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One hallmark of some of the world's path-breaking projects has been the choice of impressively lofty names. The first atomic bomb was built under Project Manhattan. Project Apollo put the first man on the moon. But for some reason, perhaps simply native modesty, one of India's most challenging technological developments -- its first nuclear-powered submarine -- has been cloaked in blandness.
When Prime Minister Manmohan Singh's wife, Gursharan Kaur, broke a coconut on the hull of what is referred to as the ATV or the Advanced Technology Vessel, to christen it INS Arihant, it launched a new era for the navy.
With the christening, water will be let into the Vishakhapatnam dock called The Shipbuilding Centre, from where INS Arihant will begin its underwater journey. Once submerged, it will undergo two years of extensive trials, first in harbour and then at sea, before formally joining the navy.
Nuclear-powered submarines are of two types. Ballistic missile submarines, termed SSBNs in the US Navy (colloquial term: "boomers" or "bombers"), carry nuclear-tipped ballistic missiles.
These form the third leg of a country's nuclear triad: airborne, surface, and underwater-based launch platforms.
INS Arihant is a ballistic missile submarine armed with twelve K-15 missiles, each capable of carrying a 500-kg nuclear warhead to a target 750-km away.
It will be deployed almost continuously off the coast of any potential enemy, a virtually undetectable and indestructible missile launcher.
The Arihant will not be alone. Two other boomers are under construction at L&T's Hazira plant. These will, probably, be followed by more -- equipped with longer-range nuclear-tipped missiles.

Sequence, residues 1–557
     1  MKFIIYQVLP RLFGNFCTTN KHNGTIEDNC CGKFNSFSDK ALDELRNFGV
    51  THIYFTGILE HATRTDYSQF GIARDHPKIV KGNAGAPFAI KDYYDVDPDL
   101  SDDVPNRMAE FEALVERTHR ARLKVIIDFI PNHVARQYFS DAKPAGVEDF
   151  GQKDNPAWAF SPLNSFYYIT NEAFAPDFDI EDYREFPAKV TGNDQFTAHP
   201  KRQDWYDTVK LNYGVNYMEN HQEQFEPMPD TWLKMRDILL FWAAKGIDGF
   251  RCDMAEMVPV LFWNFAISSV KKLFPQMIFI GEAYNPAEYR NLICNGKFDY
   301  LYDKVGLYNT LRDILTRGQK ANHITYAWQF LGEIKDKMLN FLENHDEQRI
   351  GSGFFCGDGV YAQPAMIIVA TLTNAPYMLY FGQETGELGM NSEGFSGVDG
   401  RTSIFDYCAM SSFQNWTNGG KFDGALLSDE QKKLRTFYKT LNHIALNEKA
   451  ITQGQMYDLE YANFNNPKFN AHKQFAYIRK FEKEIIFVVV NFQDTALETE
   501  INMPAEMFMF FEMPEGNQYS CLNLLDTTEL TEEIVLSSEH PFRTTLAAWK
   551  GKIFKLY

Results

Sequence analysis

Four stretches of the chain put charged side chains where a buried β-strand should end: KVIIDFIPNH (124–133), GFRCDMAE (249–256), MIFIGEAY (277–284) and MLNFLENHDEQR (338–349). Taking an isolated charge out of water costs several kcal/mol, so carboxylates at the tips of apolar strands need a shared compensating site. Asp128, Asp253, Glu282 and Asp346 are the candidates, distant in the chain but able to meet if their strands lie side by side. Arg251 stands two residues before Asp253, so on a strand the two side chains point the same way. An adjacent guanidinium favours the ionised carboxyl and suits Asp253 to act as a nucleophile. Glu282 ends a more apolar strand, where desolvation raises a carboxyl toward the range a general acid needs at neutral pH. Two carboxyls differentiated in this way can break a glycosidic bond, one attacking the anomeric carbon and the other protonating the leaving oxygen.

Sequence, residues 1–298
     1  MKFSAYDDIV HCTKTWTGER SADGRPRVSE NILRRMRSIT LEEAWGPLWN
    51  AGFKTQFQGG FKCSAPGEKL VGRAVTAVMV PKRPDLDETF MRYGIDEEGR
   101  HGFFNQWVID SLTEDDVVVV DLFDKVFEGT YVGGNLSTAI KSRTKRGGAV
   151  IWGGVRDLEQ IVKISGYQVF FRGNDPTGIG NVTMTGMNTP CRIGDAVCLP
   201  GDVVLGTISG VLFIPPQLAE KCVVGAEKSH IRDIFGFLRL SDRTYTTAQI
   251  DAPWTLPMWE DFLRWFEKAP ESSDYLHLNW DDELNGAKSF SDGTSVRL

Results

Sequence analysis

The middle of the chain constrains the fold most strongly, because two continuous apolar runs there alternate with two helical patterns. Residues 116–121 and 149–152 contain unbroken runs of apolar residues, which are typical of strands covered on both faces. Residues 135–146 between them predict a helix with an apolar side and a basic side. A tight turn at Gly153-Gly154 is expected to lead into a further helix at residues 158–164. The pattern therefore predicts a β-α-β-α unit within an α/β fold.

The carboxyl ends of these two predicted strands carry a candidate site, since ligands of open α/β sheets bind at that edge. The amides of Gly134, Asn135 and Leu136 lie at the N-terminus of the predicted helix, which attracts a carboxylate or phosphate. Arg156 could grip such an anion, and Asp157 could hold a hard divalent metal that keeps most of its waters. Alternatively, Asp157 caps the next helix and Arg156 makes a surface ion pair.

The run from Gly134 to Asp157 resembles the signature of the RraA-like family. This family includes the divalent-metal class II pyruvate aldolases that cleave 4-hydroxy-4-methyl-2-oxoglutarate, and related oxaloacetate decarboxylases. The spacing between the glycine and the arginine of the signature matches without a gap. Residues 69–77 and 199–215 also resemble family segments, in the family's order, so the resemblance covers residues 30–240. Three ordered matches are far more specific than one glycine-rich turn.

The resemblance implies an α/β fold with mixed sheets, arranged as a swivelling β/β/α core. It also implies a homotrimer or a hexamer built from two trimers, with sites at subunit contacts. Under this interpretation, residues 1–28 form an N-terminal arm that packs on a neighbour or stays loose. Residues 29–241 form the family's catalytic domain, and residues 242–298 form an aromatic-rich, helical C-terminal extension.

The second type of nuclear-powered submarine is the SSN, or attack submarine, armed with torpedoes and cruise missiles.
These operate as a part of the navy, performing the task of "sea denial", or preventing enemy ships -- both naval and commercial -- from using large expanses of the ocean.
An attack submarine's nuclear plant eliminates the need to surface, allowing it to remain underwater for months. India will shortly be leasing an advanced "Akula II class" attack submarine -- named INS Chakra -- from Russia, followed by a second after a year long interval.
In addition to a new fleet of nuclear submarines, a growing stable of major surface warships is catapulting the Indian navy into the league of serious maritime powers.
Cochin Shipyard is building a 40,000-ton indigenous aircraft carrier, which is likely to be commissioned into the Indian Navy in 2014, followed by a successor vessel in 2017. The controversial INS Vikramaditya, as the Gorshkov will be renamed, could also be commissioned by 2012.
The chief of naval staff, Admiral Sureesh Mehta, has publicly articulated the navy's plans to boost warship numbers to 165-170, up from 140 vessels today.
And because building ships in India costs less than half their cost abroad, India's three defence shipyards -- Mazagon Dock Limited, Mumbai; Garden Reach Shipbuilders and Engineers, Kolkata; and the smaller Goa Shipyard Limited -- have more warship orders than current capacities can handle.
The latest order placed on Mazagon and Garden Reach is for seven new-generation stealth frigates under Project 17A, 5600-ton warships, each capable of dominating vast stretches of ocean.